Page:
Advances in agronomy volume 121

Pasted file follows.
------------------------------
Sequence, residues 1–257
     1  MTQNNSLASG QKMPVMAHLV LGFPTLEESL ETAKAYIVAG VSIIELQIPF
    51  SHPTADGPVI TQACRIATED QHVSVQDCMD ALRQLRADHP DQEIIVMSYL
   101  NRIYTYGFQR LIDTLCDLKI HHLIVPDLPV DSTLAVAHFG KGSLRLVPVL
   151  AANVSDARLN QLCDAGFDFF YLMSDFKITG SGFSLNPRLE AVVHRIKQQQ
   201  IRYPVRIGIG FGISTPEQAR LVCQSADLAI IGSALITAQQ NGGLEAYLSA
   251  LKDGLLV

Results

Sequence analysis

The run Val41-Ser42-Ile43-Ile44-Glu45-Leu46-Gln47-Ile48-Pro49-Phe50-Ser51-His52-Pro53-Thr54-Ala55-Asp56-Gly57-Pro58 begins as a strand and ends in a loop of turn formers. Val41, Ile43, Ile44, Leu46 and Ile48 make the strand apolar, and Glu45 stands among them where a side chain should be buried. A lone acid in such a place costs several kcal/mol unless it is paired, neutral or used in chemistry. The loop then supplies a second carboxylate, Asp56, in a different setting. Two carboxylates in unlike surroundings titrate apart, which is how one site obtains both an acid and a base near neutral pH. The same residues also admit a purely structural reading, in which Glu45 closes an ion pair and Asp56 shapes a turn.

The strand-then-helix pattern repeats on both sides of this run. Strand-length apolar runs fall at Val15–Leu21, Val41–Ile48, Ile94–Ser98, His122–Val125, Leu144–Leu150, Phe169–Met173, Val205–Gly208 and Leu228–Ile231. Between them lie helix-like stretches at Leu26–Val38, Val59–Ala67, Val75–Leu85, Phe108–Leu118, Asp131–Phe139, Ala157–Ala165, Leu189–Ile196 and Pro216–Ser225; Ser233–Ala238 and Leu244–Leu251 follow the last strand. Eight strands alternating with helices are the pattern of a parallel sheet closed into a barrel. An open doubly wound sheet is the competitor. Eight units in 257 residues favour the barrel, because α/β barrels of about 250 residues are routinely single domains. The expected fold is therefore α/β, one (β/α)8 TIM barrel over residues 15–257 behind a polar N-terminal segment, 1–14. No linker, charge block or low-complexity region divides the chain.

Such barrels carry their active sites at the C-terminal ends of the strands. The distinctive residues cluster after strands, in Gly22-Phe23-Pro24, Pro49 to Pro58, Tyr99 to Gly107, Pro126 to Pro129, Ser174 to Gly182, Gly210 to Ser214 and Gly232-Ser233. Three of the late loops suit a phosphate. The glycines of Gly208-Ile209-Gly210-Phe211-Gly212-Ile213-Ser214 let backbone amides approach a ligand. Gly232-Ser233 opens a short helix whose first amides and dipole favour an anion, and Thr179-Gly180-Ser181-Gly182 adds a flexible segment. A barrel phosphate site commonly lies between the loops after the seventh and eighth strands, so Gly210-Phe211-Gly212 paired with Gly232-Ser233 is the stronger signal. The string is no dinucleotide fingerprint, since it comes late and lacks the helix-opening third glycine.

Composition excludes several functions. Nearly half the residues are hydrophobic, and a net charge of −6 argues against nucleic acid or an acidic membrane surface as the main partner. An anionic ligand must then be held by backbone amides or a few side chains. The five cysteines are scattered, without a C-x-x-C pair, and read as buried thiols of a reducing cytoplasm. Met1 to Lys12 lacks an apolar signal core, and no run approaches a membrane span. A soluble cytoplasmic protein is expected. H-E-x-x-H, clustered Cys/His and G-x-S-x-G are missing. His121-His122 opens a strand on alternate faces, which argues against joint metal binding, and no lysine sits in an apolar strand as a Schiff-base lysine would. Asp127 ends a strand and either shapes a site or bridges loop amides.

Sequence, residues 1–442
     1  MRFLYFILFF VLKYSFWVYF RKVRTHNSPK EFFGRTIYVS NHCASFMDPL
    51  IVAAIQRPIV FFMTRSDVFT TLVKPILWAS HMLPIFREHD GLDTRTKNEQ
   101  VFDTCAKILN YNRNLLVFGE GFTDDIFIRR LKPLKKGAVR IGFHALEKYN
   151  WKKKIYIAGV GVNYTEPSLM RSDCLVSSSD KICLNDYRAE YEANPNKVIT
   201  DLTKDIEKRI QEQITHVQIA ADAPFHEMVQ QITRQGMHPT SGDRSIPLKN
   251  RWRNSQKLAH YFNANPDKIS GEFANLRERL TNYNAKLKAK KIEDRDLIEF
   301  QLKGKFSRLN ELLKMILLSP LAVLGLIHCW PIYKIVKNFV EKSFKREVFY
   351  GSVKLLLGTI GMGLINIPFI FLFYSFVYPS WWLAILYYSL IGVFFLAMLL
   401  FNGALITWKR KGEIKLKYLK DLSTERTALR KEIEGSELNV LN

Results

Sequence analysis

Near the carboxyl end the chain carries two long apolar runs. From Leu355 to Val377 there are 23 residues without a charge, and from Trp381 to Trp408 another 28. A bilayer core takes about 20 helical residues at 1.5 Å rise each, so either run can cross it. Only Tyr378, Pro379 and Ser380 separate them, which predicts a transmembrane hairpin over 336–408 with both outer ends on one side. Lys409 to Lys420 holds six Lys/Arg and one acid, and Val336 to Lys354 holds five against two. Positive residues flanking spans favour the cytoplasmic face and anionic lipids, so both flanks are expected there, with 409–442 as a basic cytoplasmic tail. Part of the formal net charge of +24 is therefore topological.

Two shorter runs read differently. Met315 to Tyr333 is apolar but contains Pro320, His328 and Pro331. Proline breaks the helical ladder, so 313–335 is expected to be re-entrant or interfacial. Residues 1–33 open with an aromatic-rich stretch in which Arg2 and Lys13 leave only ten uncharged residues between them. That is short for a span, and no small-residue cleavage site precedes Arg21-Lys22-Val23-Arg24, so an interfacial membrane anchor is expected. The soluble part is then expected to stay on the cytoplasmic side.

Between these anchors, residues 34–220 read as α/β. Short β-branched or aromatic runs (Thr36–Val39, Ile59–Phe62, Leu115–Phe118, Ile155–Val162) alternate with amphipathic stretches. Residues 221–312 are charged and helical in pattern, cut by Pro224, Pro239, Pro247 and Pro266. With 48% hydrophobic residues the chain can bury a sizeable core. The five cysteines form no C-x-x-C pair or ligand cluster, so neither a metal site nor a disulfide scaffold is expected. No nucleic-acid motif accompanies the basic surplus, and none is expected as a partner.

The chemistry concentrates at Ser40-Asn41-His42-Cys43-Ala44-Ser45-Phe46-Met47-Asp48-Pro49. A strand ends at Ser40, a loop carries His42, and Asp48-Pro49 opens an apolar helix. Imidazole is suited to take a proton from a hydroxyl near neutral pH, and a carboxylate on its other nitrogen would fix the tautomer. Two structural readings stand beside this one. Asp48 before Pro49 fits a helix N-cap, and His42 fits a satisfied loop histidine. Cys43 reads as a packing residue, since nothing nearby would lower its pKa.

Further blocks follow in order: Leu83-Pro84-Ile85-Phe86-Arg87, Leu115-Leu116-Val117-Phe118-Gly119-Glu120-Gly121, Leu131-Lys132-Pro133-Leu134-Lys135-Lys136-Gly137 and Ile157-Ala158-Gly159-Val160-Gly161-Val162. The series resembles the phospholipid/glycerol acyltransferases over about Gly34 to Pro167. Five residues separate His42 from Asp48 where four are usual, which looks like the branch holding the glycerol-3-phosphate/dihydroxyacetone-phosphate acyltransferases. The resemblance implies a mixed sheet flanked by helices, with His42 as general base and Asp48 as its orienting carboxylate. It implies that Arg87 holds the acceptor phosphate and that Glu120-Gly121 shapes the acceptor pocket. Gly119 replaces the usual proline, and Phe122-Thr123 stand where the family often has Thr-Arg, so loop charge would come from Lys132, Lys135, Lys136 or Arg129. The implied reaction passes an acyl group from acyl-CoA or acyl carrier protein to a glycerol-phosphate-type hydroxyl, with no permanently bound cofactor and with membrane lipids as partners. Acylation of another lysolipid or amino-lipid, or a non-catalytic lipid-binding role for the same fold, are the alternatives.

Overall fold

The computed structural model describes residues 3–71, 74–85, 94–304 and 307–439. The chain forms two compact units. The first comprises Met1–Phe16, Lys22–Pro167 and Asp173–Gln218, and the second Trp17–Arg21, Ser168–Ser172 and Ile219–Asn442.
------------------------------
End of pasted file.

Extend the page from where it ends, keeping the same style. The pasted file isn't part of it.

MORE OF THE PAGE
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ADVANCES IN AGRONOMY Advisory Board PAUL M BERTSCH RONALD L PHILLIPS University of Kentucky University of Minnesota KATE M SCOW LARRY P WILDING University of California, Davis Texas A&M University Emeritus Advisory Board Members JOHN S BOYER KENNETH J FREY University of Delaware Iowa State University EUGENE J KAMPRATH MARTIN ALEXANDER North Carolina State University Cornell University Prepared in cooperation with the American Society of Agronomy, Crop Science Society of America, and Soil Science Society of America Book and Multimedia Publishing Committee DAVID D BALTENSPERGER, CHAIR LISA K AL-AMOODI CRAIG A ROBERTS WARREN A DICK MARY C SAVIN HARI B KRISHNAN APRIL L ULERY SALLY D LOGSDON Academic Press is an imprint of Elsevier 525 B Street, Suite 1800, San Diego, CA 92101–4495, USA 225 Wyman Street, Waltham, MA 02451, USA 32 Jamestown Road, London, NW1 7BY, UK The Boulevard, Langford Lane, Kidlington, Oxford, OX5 1GB, UK Radarweg 29, PO Box 211, 1000 AE Amsterdam, The Netherlands First edition 2013 Copyright © 2013 Elsevier Inc All rights reserved No part of this publication may be reproduced, stored in a retrieval system or transmitted in any form or by any means electronic, mechanical, photocopying, recording or otherwise without the prior written permission of the publisher Permissions may be sought directly from Elsevier’s Science & Technology Rights Department in Oxford,UK: phone: (+44) (0) 1865 843830; fax: (+44) (0) 1865 853333; email: permissions@elsevier.com Alternatively you can submit your request online by visiting the Elsevier web site at http://elsevier.com/locate/permissions, and selecting Obtaining permission to use Elsevier material Notice No responsibility is assumed by the publisher for any injury and/or damage to persons or property as a matter of products liability, negligence or otherwise, or from any use or operation of any methods, products, instructions or ideas contained in the material herein Because of rapid advances in the medical sciences, in particular, independent verification of diagnoses and drug dosages should be made ISBN: 978-0-12-407685-3 ISSN: 0065-2113 For information on all Academic Press publications visit our website at store.elsevier.com Printed and bound in USA 13 14 15 16 10 CONTRIBUTORS Muhammad Afzal National Institute for Biotechnology and Genetic Engineering (NIBGE), Faisalabad, Pakistan Olafur Arnalds Faculty of Environmental Sciences, Agricultural University of Iceland, Hvanneyri, IS-311, Borgarnes, Iceland Guănter Brader AIT Austrian Institute of Technology GmbH, Bioresources Unit, Tulln, Austria Stephane Compant Dept Bioproce´de´s et Syste`mes Microbiens, Universite´ de Toulouse, LGC UMR 5503 (CNRS/INPT/UPS), ENSAT-INP de Toulouse, Castanet-Tolosan Cedex 1, France Jorge A Delgado USDA ARS Soil Plant Nutrient Research Unit, Fort Collins, Colorado, USA Ruth H Ellerbrock Leibniz-Centre for Agricultural Landscape Research (ZALF), Institute of Soil Landscape Research, Muăncheberg, Germany Horst H Gerke Leibniz-Centre for Agricultural Landscape Research (ZALF), Institute of Soil Landscape Research, Muăncheberg, Germany Carmen Hoeschen Lehrstuhl fuăr Bodenkunde, TU Muănchen, Freising, Germany Matt R Kilburn Centre for Microscopy, Characterisation and Analysis, The University of Western Australia, Crawley, Australia Markus Kleber Department of Crop and Soil Science, Oregon State University, Corvallis, Oregon, USA Sumanta Kundu Central Research Institute for Dryland Agriculture, Santoshnagar, Hyderabad, Andhra Pradesh, India Rattan Lal Carbon Management and Sequestration Center, The Ohio State University, Columbus, Ohio, USA Birgit Mitter AIT Austrian Institute of Technology GmbH, Bioresources Unit, Tulln, Austria Carlos M Monreal Agriculture and Agri-Food Canada, Eastern Cereal and Oilseed Research Center, Ottawa, Ontario, Canada ix x Contributors Carsten W Mueller Lehrstuhl fuăr Bodenkunde, TU Muănchen, Freising, Germany Muhammad Naveed AIT Austrian Institute of Technology GmbH, Bioresources Unit, Tulln, Austria Mark A Nearing USDA ARS Southwest Watershed Research Center, Tucson, Arizona, USA K.P Prabhakaran Nair Institute of Plant Nutrition, University of Hohenheim, Stuttgart, Federal Republic of Germany Jennifer Pett-Ridge Chemical Sciences Division, Lawrence Livermore National Laboratory, Livermore, California, USA Charles W Rice Kansas State University, Manhattan, Kansas, USA Morris Schnitzer Agriculture and Agri-Food Canada, Eastern Cereal and Oilseed Research Center, Ottawa, Ontario, Canada Angela Sessitsch AIT Austrian Institute of Technology GmbH, Bioresources Unit, Tulln, Austria A.K Singh Indian Council of Agricultural Research, Krishi Anusandhan Bhawan (KAB-II), New Delhi, India Ch Srinivasarao Central Research Institute for Dryland Agriculture, Santoshnagar, Hyderabad, Andhra Pradesh, India Friederike Trognitz AIT Austrian Institute of Technology GmbH, Bioresources Unit, Tulln, Austria B Venkateswarlu Central Research Institute for Dryland Agriculture, Santoshnagar, Hyderabad, Andhra Pradesh, India Peter K Weber Chemical Sciences Division, Lawrence Livermore National Laboratory, Livermore, California, USA PREFACE Volume 121 of Advances in Agronomy contains eight outstanding reviews dealing with technology advances, organic matter chemistry and composition, climate change, and crop and soil sustainability Chapter is an excellent and cutting-edge review on the use of NanoSims to study soil biogeochemical interfaces at fine scales Chapter details conservation practices to address climate change mitigation and adaptation Chapter is a comprehensive review of methodologies and techniques for analyzing soil organic matter over a range of spatial scales Chapter discusses the chemistry and biochemistry of organic components in rhizosphere soil solutions Chapter addresses ways to enhance agronomic productivity and carbon sequestration in soils of dryland ecosystems of India Chapter is a fine overview of constraints to crop production in the Middle East-West Asia region due to micronutrients Chapter covers beneficial interactions between plants, soils, and bacteria These advances are discussed in the context of improving the yield and health of food and feed crops Chapter provides a thorough discussion of the buffer power concept and the important role it plays in African and Asian soils, with relevance to soil testing and nutrient availability I am most grateful to the authors for their first-rate reviews DONALD L SPARKS Newark, Delaware xi CHAPTER ONE Advances in the Analysis of Biogeochemical Interfaces: NanoSIMS to Investigate Soil Microenvironments Carsten W Mueller*,1, Peter K Weber†, Matt R Kilburn‡, Carmen Hoeschen*, Markus Kleber}, Jennifer Pett-Ridge *Lehrstuhl fuăr Bodenkunde, TU Muănchen, Freising, Germany † Chemical Sciences Division, Lawrence Livermore National Laboratory, Livermore, California, USA ‡ Centre for Microscopy, Characterisation and Analysis, The University of Western Australia, Crawley, Australia } Department of Crop and Soil Science, Oregon State University, Corvallis, Oregon, USA Corresponding author: e-mail address: carsten.mueller@wzw.tum.de Contents Introduction 1.1 The importance of nanoscale processes in soils research 1.2 Fundamentals of SIMS Experimental Approaches for the Study of Soil Microenvironments Using NanoSIMS 2.1 Lessons learned from geology and microbiology NanoSIMS Requirements for Soil-Related Studies 3.1 Technical considerations for soil samples 3.2 Sample documentation 3.3 Instrument tuning and quality control 3.4 Sample preparation—From single particles to intact soil 3.5 Data acquisition and analysis Combination with Other Microscale Techniques 4.1 Scanning and transmission electron microscopy 4.2 Synchrotron-based techniques 4.3 Atomic force microscopy 4.4 In situ single-cell labeling Conclusion Acknowledgments References Advances in Agronomy, Volume 121 ISSN 0065-2113 http://dx.doi.org/10.1016/B978-0-12-407685-3.00001-3 # 2013 Elsevier Inc All rights reserved 2 7 17 17 19 20 23 29 32 32 33 36 36 37 38 39 Carsten W Mueller et al Abstract Since a NanoSIMS high-resolution secondary ion mass spectrometry (SIMS) instrument was first used for cosmochemistry investigations over a decade ago, both interest in NanoSIMS and the number of instruments available have significantly increased However, SIMS comes with a set of challenges that are of both technical and conceptual nature, particularly for complex samples such as soils Here, we synthesize existing research and provide conceptual and technical guidance to those who wish to investigate soil processes at the submicron scale using SIMS, specifically with NanoSIMS Our review not only offers advice resulting from our own operational experience but also intends to promote synergistic research on yet unresolved methodological issues We identify and describe the basic setup of a NanoSIMS instrument, and important issues that may arise as a soil sample specimen are prepared for NanoSIMS analysis This is complemented by discussions of experimental design, data analysis, and data representation Next to experimental design, sample preparation is the most crucial prerequisite for successful NanoSIMS analyses We discuss the requirements and limitations for sample preparation over the size range from individual soil particles to intact soil structures such as macroaggregates or intact soil cores For robust interpretation of data obtained by NanoSIMS, parallel spatial, textural (scanning electron microscopy, atomic force microscopy), or compositional analyses (scanning transmission X-ray microscopy) are often necessary to provide necessary context We suggest that NanoSIMS analysis is most valuable when applied in concert with other analytical procedures and can provide powerful inference about small-scale processes that can be traced via isotopic labeling or elemental mapping INTRODUCTION 1.1 The importance of nanoscale processes in soils research Soil is often described as one of the most complex media on earth (Schulze and Freibauer, 2005) This complexity extends from the ecosystem scale to individual microaggregates, where nanometer-scale interactions between microbiota, organic matter (OM), and mineral particles are thought to control the long-term fate of soil carbon, nutrients, and pollutants (Lehmann et al., 2007; Schmidt et al., 2011) Processes that have a major impact at the landscape or global scale are determined by events occurring at the micro- and nanometer scales For example, entrapment of soil organic matter (SOM) within microaggregates with a diameter of less than 250 mm and SOM sorption onto even smaller clay and iron oxides is a vital mechanism for long-term preservation of organic carbon (OC) in soils (Lehmann et al., 2007; von Luătzow et al., 2006) Release of nutrients in the rhizosphere is NanoSIMS to Investigate Soil Microenvironments driven by root exudation at highly active micron-scale biogeochemical interfaces between roots, microbes, and minerals (Breland, and Bakken, 1991; Hinsinger et al., 2009; Norton and Firestone, 1996) Microbial activity occurs mostly in microhabitats (Dechesne et al., 2007; Muăller and Defago, 2006; Nunan et al., 2007) and involves mineralization of SOM and organic pollutants Hydrologic processes at the field scale are also influenced by finescale interactions as preferential flow paths may create localized zones of altered water and nutrient flow and thereby impact microbial abundance, community structure, and SOM turnover (Chabbi et al., 2009; Morales et al., 2010) Preferential flow zones are themselves heterogeneous at the microscale, with a heterogeneous supply of oxygen, water, and nutrients driving “hot spots” of microbial growth directly adjacent to areas of lesser microbial activity (Bundt et al., 2001) In all of these cases, activities at nano- to micron-scale soil biogeochemical interfaces determine the expression of higher level ecosystem functions The majority of soil research, however, is conducted on bulk (>1 g) samples, which are often significantly altered prior to analysis Pretreatments and analytical side effects include drying at varying temperatures, sieving/homogenization for process or elemental analysis, thermal alteration (as in pyrolysis GC/MS), or chemical alteration (as in alkaline extraction of “humic” substances or in cupric oxide oxidation for lignin analyses) With the advent of novel microspectroscopy and spectrometry techniques that allow for the study of micro- to nanoscale molecular, isotopic, and elemental patterns, it is now possible to make process-oriented observations (e.g., the stabilization of OM, sorption of pollutants, and mineral weathering) at the micron or submicron scale Elemental and isotopic imaging conducted via secondary ion mass spectrometry (SIMS) is a particularly promising technique for small-scale soil process research SIMS uses a high-energy ion beam to sputter material from a sample surface, which can then be analyzed in a mass spectrometer With high-resolution SIMS instruments (Cameca NanoSIMS 50, 50L, Gennevilliers, France), the distribution of elements and isotopes can be visualized with up to 50–150 nm lateral resolution within soil samples ranging from primary particles to subregions of intact soil cores For this reason, NanoSIMS has the potential to provide quantitative measures of OM–mineral–microbial interactions and biogeochemical processing at the macro- and microaggregate or single-cell scale Relatively, few SIMS experiments have been conducted to date in soil science In one of the first, Cliff et al (2002b) used time-of-flight SIMS (ToF-SIMS) and additions of 15N-labeled and 13C-labeled compounds to Carsten W Mueller et al study small-scale differences in N assimilation as a function of C versus N limitation When they compared SIMS values with bulk-measured microbial biomass N assimilation, they found substantial spatial heterogeneity in 15N distribution that was not apparent through bulk analysis (Cliff et al., 2007) More recently, studies using SIMS and NanoSIMS analysis have revealed effects at even finer scales within individual microaggregates, mineral surfaces, microbes, and root hairs (Blair et al., 2006; Cliff et al., 2002a; Clode et al., 2009; DeRito et al., 2005; Herrmann et al., 2007a,b; Keiluweit et al., 2012; Pumphrey et al., 2009) An early review paper by Herrmann et al (2007b) focused on potential applications for soil ecology and included the first application of the NanoSIMS technique with an intact soil microaggregate Subsequent publications have addressed the technical aspects (sample preparation) and investigations of organo-mineral associations at scales ranging from clay size mineral grain to intact soil cores (Keiluweit et al., 2012; Mueller et al., 2012b; Remusat et al., 2012) In this chapter, our goal is to provide insight into the range of potential NanoSIMS applications in soil system research, discussing technical capabilities and limitations, major sample requirements, and important complementary microspectrometry techniques As NanoSIMS applications in closely related fields, such as plant science and microbiology, have been reviewed recently (Moore et al., 2011a; Musat et al., 2012), we focus on the use of NanoSIMS in soil research 1.2 Fundamentals of SIMS SIMS is a surface analysis technique for solid samples Primary ions, with a kinetic energy ranging from a few hundred electron volts to tens of thousands of electron volts, are focused on the sample surface, ejecting atoms and molecules in a process called sputtering (see Fig 1.1) A small fraction of the ejected atoms and molecules is ionized and can be extracted with an electrostatic field into a mass spectrometer The fraction of the sputtered material that is ionized is determined by the ionization efficiency of the element in the sample matrix and is referred to as the secondary ion yield For different elements, secondary ion yields vary over many orders of magnitude and also strongly depend on the physicochemical nature of the sample (Storms et al., 1977; Wilson et al., 1989) Within the mass spectrometer, secondary ions can be separated according to their mass to charge ratio in a quadrupole, magnetic sector, or time-of-flight (TOF) mass analyzer These analyzers differ in terms of detectable mass range, sensitivity, ion transmission, and cost As NanoSIMS has both high sensitivity and spatial resolution NanoSIMS to Investigate Soil Microenvironments A B Analysis beam sources (Cs+,O-) Secondary ions to mass spectrometer – – – – – – Cs+ – – – – Primary beam – – – – – – – – – + – + e- – e- – e+ – – e+ e- Sample rs cto - e-e e- e- + n tio e et d c lle ico ult – M + ag 0.5 m Secondary beam M Sample mount (Si-wafer, TEM net, etc.) ne t Sample Figure 1.1 (A) coaxial setup of the NanoSIMS, indicating the primary and secondary ion beam in relation to the sample surface Due to the coaxial setup, the secondary ions must have the opposite charge from the primary ions to enable extraction to the mass spectrometer (B) Schematic of the NanoSIMS, with the primary ion beam in blue and the secondary ion beam in red Courtesy of Cameca (Gennevilliers, France), adapted from Myrold et al (2011) Reprinted from Myrold et al (2011), Copyright (2012), with permission from Elsevier at high mass resolving power, this particular SIMS instrument meets many of the specific requirements for microscale elemental and isotopic mapping analyses in soil science 1.2.1 NanoSIMS The NanoSIMS is optimized for SIMS imaging with submicron lateral resolution The NanoSIMS 50 and 50L instruments, conceived by Slodzian (Slodzian, 1987; Slodzian et al., 1992), were designed by Bernard Daigne, Franc¸ois Girard, and Franc¸ois Hillion (Hillion et al., 1993) and manufactured by Cameca France under a license from the Office National d’E´tudes et de Recherches Ae´rospatiales at Universite´ Paris-Sud (UPS ONERA) There are now more than 30 NanoSIMS instruments installed worldwide, working on a wide range of applications ranging from geology and cosmochemistry (Floss et al., 2006; Hoppe, 2006; Stadermann et al., 1999; Wacey et al., 2010a) to biology (Finzi-Hart et al., 2009; Kraft et al., 2006; Lechene ... PREFACE Volume 121 of Advances in Agronomy contains eight outstanding reviews dealing with technology advances, organic matter chemistry and composition, climate change, and crop and soil sustainability... embedding agent (Weber et al., 2012) The resin embedding approach has been used to prepare slices of intact soil cores for elemental mapping of in situ interfaces in a buried Oa horizon originating... 4.4 In situ single-cell labeling Conclusion Acknowledgments References Advances in Agronomy, Volume 121 ISSN 0065-2113 http://dx.doi.org/10.1016/B978-0-12-407685-3.00001-3 # 2013 Elsevier Inc